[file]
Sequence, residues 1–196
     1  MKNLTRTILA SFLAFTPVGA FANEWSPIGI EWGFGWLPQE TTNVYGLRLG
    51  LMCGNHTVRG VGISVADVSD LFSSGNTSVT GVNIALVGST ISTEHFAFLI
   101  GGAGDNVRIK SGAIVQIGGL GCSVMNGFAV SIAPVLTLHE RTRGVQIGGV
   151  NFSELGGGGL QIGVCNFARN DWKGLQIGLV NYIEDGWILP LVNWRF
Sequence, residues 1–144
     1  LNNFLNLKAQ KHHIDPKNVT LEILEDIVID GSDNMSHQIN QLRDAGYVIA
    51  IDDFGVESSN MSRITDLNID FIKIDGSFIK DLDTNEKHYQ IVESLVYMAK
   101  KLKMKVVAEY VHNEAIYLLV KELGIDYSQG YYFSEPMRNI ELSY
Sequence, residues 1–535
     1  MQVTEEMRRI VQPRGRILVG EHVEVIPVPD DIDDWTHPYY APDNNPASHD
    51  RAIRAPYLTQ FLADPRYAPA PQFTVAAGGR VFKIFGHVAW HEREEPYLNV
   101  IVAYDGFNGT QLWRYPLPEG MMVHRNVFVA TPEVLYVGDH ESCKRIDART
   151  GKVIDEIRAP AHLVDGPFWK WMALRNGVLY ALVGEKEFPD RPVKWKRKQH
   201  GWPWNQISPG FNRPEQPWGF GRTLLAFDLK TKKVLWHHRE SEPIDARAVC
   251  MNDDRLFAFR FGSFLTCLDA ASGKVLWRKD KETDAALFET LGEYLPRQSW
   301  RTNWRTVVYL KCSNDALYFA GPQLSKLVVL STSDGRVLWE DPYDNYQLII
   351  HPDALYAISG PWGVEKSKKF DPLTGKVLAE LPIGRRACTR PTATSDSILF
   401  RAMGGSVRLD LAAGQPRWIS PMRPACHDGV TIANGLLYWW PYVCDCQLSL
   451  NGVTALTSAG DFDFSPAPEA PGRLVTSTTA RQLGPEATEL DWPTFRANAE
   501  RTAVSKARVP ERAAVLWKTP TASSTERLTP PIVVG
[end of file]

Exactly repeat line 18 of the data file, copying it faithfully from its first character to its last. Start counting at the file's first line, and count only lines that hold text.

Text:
   351  HPDALYAISG PWGVEKSKKF DPLTGKVLAE LPIGRRACTR PTATSDSILF